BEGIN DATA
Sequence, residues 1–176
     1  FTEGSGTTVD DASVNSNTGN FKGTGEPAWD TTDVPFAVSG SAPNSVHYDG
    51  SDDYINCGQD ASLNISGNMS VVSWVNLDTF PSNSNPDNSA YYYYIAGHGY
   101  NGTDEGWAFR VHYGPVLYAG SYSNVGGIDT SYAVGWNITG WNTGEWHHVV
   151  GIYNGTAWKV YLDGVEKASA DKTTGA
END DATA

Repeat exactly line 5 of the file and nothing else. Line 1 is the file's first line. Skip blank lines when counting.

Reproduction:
   151  GIYNGTAWKV YLDGVEKASA DKTTGA